How can you "call BS" on CIO being linked to hyperactivity when research is cited? Did you not click the link? And clearly there are extenuating circumstances to almost anything. Yeah, if you have a job for which you HAVE to get sleep, if the choice is CIO and keep the house vs. attachment parenting-style and being homeless, then I'm sure most people would agree that CIO is a better approach for you. But that doesn't mean that if a person has the resources to comfort their child, they should think it's totally cool to ignore their baby's cries just because some people have to. Latch-key parenting is, sadly, a necessity for some people. Does it follow that it's the best way for people who can afford to do otherwise? Obviously not. No one can do everything, but hopefully people do as much right as they can. That isn't a guilt trip, that's just life. Chill out, people.
September 11, 2012 at 4:13 PM

"If we go with this kind of CIO logic, ignoring a child's cries when he's hurt will help him learn that he will get hurt in life, get over it, move on, shut up because no one cares, no one is going to kiss your boo-boo and make it better."

I don't know of any CIO or sleep training expert that would tell someone to ignore their child if they were hurt.  Your point is idiotic. 

"My life -- the TV show I wanted to watch, the meal I wanted to eat, the phone call I wanted to make -- was easy to put on hold."

Do you really think that is why parents use CIO?  So they can watch a TV show?  It's so they can SLEEP!  So they don't have to wake up constantly throughout the night then act like a miserable zombie the rest of the day. 

September 11, 2012 at 4:13 PM

My daughter was a horrible sleeper.  We tried co-sleeping and all the non-CIO sleep books but nothing worked.  At 13 months old we had finally had enough.  I was stressed and sleep deprived to the point that I was deeply depressed and it was effecting my marriage.  Plus I was usually too exhausted most days to play or interact with my daughter. 

I finally broke down and bought Dr Ferber's book and read it.  One of the best investments I have ever made.  I loved that his CIO method involves short intervals of CIO then going in to soothe the child.  I would leave her for 5 minutes to cry, then go back in to soothe her, etc., until she finally fell asleep.  And the best part is that I only had to do it for one night for a total of 30 minutes.  After that she fell asleep and stayed asleep all night, every night.  In the 2.5 years since we did the method she's only had one minor sleep regression and it only lasted for 3 nights and it was mainly due to an illness.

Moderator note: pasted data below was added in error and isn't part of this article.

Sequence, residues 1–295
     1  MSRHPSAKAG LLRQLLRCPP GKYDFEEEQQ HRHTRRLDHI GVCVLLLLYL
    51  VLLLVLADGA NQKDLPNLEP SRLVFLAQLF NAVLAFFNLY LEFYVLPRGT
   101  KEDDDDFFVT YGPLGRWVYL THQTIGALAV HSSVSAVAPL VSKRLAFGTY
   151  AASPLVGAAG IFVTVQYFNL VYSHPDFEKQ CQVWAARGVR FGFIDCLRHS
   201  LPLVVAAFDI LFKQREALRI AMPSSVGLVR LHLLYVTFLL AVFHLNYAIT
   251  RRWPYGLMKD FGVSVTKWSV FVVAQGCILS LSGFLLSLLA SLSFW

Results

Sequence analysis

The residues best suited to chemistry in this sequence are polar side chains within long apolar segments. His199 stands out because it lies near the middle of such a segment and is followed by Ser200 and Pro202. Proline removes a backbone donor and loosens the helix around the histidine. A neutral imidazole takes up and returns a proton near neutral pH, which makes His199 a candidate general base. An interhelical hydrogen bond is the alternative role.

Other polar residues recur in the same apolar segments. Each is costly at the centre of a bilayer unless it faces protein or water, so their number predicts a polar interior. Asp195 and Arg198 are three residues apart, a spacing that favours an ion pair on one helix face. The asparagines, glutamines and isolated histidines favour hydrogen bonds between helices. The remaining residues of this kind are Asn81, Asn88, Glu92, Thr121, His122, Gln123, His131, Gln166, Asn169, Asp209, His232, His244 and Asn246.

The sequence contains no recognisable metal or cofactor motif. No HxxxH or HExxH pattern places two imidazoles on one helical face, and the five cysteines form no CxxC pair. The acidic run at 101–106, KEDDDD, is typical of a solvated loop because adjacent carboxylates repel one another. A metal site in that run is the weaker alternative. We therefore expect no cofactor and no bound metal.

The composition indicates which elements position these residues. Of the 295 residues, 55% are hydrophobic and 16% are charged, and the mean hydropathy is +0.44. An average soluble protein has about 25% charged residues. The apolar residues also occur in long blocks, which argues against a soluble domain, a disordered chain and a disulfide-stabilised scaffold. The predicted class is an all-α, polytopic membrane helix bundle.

The Ferber method was truly a blessing for my family and I would not hesitate to do it again.

September 11, 2012 at 4:16 PM

Yeah, but the way they phrase this article is letting your child cry it out...for hours on end.  OBVIOUSLY people see the CIO method differently than others.  It's not liek you just put your baby in bed, walk away, and leave them until they shut up.  No.  In order to help them learn it's okay, then you have to constantly return in certain time intervals to reassure them that they are fine, and calm them down.   Just because one child might have had ADD/ADHD doesn't mean they all will.  It's just "a possibility" in their eyes.  My children are perfectly fine.  Have no issues whatsoever and go to bed no problem.  To assume that the method is to just leave them hours on end of crying and parents ignoring is ridiculous.  Obviously not many people have researched it either.  MANY people use the Ferber method & it in no way is just hours of crying.  You ALWAYS return to let your baby know that things are okay.   So to have written this article and not have known all of the just beyond me.

September 11, 2012 at 4:19 PM

"Roxanne71 and angelmarie - there have been studies linking CIO to higher levels of cortisol in the brain which can trigger ADD/ADHD later in life."

Most "studies" are bullshit so is this one.